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Knock at the Cabin

M. Night Shyamalan’s latest is taut if unmemorable

M. Night Shyamalan went from Hollywood Golden Boy with hits like The Sixth Sense (1999) and Signs (2002), to punch-line with Avatar: The Last Airbender (2014) and After Earth (2013). However, the Indian-American director has staged an impressive comeback, averaging a movie a year with a curious tactic: staging his films within one location.


Knock at the Cabin (2023) takes place nearly entirely within a cabin in the woods where a couple, Eric (Jonathan Groff) and Andrew (Ben Aldridge) have gone to spend time together with their 8-year-old daughter Wen (Kristen Cui). Four strangers, led Leonard (Dave Bautista), crash their vacation, however, and impose a choice: the family must choose and kill one of their own or the entire world will succumb to the apocalypse.


Shyamalan, as with his most recent projects, keeps his story tense by constraining himself to the cabin. This has worked to differing degrees of success with his most recent films, if proved effective in Split (2016) and Servant (2019-2023), but was restrictive in Glass (2019) and Old (2021). With Knock at the Cabin, Shyamalan hits a sweet spot of premise and atmospherics, so that viewers are kept on the edge of their seat, skeptical and guessing about who is telling the truth, while Shyamalan masterfully heighten stakes and tension using his directing acumen. By shrinking his recent films in scope and scale, Shyamalan can manage a greater control over atmospherics; each close-up and pan proves more crucial to elevating tension than a CGI monster ever could.


Knock at the Cabin is largely successful due to its narrow focus and limited cast. However, Shyamalan doesstruggle to flesh out his characters. There are brief flashbacks to Eric and Andrew’s past, but not enough for us to truly latch on to them and build emotional ties to their fates. This cheapens the central narrative choice, by having it remain a thought experiment for viewers instead of an emotionally wrenching “Sophie’s Choice.”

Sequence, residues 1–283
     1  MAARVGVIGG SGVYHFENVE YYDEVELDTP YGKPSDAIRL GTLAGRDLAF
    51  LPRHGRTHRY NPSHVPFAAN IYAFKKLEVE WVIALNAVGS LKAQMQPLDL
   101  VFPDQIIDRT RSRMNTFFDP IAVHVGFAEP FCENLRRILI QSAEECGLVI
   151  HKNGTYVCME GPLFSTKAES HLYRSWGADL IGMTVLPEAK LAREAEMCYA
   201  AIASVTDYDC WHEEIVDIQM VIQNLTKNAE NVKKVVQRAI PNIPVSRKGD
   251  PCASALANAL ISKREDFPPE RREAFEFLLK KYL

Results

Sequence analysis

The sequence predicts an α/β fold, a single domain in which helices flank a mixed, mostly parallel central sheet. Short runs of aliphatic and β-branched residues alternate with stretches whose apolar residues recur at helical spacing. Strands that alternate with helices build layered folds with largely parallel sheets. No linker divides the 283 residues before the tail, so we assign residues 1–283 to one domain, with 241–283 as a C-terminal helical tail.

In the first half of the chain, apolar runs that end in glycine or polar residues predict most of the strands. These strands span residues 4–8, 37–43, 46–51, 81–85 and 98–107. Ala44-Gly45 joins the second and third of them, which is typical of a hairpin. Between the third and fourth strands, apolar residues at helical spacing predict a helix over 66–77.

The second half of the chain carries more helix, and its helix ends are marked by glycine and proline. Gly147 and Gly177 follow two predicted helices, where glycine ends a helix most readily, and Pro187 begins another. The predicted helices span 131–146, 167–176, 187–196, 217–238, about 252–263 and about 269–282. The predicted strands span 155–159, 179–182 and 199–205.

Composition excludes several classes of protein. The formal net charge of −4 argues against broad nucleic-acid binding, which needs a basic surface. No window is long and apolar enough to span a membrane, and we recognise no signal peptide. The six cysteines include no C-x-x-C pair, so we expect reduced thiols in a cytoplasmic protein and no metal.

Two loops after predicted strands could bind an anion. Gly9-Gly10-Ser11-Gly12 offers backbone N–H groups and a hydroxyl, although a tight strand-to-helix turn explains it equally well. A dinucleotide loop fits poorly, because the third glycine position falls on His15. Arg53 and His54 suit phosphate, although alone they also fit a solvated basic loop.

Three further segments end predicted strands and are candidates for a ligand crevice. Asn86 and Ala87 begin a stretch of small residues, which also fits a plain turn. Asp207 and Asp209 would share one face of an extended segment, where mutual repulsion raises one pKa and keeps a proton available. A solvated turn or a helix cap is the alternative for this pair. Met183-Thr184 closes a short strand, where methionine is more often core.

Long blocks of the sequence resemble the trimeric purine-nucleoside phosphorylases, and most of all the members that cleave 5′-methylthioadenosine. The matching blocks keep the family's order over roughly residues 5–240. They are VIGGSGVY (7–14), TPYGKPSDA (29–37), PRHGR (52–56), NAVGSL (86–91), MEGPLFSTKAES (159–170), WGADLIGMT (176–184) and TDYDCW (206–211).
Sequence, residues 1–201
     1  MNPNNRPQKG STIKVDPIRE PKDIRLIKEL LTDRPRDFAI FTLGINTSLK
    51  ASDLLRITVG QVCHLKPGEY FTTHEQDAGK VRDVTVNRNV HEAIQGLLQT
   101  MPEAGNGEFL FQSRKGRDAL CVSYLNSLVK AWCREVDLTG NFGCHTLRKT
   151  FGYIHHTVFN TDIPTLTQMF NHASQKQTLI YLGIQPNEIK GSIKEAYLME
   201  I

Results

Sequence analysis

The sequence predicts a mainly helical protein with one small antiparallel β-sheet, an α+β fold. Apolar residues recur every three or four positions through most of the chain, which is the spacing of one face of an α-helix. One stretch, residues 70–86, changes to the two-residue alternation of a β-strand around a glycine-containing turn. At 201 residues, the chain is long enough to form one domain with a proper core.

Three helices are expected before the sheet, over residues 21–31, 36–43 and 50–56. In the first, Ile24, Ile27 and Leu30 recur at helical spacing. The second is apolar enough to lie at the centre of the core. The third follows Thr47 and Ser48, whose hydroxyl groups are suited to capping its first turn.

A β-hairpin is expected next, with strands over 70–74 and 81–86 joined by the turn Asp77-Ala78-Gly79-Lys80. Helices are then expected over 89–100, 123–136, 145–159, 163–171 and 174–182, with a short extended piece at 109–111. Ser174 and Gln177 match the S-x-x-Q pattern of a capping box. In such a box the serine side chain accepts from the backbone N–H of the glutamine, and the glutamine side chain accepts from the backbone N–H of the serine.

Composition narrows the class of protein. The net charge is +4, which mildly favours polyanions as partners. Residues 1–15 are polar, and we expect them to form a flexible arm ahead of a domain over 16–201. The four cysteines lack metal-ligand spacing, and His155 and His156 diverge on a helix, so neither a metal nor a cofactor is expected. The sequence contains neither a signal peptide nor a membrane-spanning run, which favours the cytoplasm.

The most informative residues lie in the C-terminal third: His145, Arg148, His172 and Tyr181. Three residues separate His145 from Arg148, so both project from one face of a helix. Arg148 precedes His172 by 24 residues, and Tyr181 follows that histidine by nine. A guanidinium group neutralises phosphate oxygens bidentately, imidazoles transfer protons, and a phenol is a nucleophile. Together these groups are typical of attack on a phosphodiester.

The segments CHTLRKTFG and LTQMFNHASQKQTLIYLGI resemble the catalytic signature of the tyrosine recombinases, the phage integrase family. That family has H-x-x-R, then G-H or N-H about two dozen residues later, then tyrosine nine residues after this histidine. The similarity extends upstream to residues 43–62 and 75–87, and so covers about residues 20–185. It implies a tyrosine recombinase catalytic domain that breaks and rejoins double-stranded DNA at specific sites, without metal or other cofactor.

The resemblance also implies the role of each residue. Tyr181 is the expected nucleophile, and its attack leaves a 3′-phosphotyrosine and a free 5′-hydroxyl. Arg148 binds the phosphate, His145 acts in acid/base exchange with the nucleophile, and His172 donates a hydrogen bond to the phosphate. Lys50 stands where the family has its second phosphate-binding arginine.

The four strangers that show up are largely stock and forgettable characters, save for Leonard, for whom Bautista enlivens with the best work of his career. Using silence and restraint to craft a suppressed and deeply troubled man, Bautista delves into wells of emotion that one would have never guessed was possible. On the other side of the narrative conflict, Ben Aldridge shines most, as the most skeptical member of his family. Aldridge’s measured delivery and doubt to increasingly unexplainable events helps maintain the air of mystery and indecisiveness of Knock at the Cabin’s central choice until the very end.


Many fans of Shyamalan will expect a classic twist to be tacked on at the end, but perhaps because Knock at the Cabin is adapted from a book, Shyamalan largely restrains himself. This allows the characters to conclude their arcs organically instead twisting their journeys around for shock value. In the end, Knock at the Cabin is a taut and enjoyable thriller, showcasing Shyamalan’s adept directing talent and providing viewers with a curious thought experiment. The film doesn’t have the punch or emotional depth as some of Shyamalan’s best, but it’s got enough tension and thrills to make it an enjoyable pastime.


7.0/10

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About Young Critic

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I've been writing on different version of this website since February of 2013. I originally founded the website in a film-buff phase in high school, but it has since continued through college and into my adult life. Young Critic may be getting older, but the love and passion for film is forever young. 

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